Sumitra Nair: We Are Moving Towards Project-Based And Activity-Based Learning
Sumitra Nair is the head of the youth division at the Multimedia Development Corporation of Malaysia.
Her work focuses on ensuring that Malaysian youth have the necessary digital competencies they will need for the future workforce.
Are schools teaching the skills students need?
Malaysia has the fourth highest number of digital natives in the world according to the International Telecommunications Union, so close to seventy-five percent of its youth aged fifteen to twenty-four are actually digital natives.
This only means however that they are excellent at using digital technology. They’re heavy users of technologies - and this can be seen through the penetration of smartphones and social media as well.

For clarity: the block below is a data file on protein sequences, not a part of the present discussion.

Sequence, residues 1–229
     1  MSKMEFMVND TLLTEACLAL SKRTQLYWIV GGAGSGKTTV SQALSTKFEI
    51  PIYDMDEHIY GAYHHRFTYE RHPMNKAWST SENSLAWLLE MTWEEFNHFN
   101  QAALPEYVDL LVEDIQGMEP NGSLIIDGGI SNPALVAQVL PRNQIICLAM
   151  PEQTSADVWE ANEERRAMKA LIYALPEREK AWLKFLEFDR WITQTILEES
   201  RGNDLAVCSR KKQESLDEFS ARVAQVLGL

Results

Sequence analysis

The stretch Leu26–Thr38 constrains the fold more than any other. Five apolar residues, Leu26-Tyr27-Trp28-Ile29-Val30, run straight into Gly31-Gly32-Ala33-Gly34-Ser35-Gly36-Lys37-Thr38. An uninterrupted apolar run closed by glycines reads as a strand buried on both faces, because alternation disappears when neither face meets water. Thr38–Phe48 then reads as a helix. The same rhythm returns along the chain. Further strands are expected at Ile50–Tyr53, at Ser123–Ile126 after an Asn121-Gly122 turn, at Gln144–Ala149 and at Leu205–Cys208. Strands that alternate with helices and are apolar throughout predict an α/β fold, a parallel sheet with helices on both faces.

When you think about how they’re using this technology or what new innovations they are creating, that’s where we get a little bit worried. Those are the kind of skills we feel are needed for the future workforce, so that these students are not just using technology and enjoying it, but also creating their own innovations and trying to solve real problems using these technologies.
As we know, there is already a hollowing out of middle income jobs, and for young people to be competitive in the future they will need to step up in terms of problem solving using digital technologies.
How can students learn these skills?
I think the approach of how technology is integrated into education needs to be revisited. In many developing countries, including Malaysia, a large focus has been on how technology compliments teaching and learning in the classroom. It has been used to teach subjects such as Math, Science and English amongst others.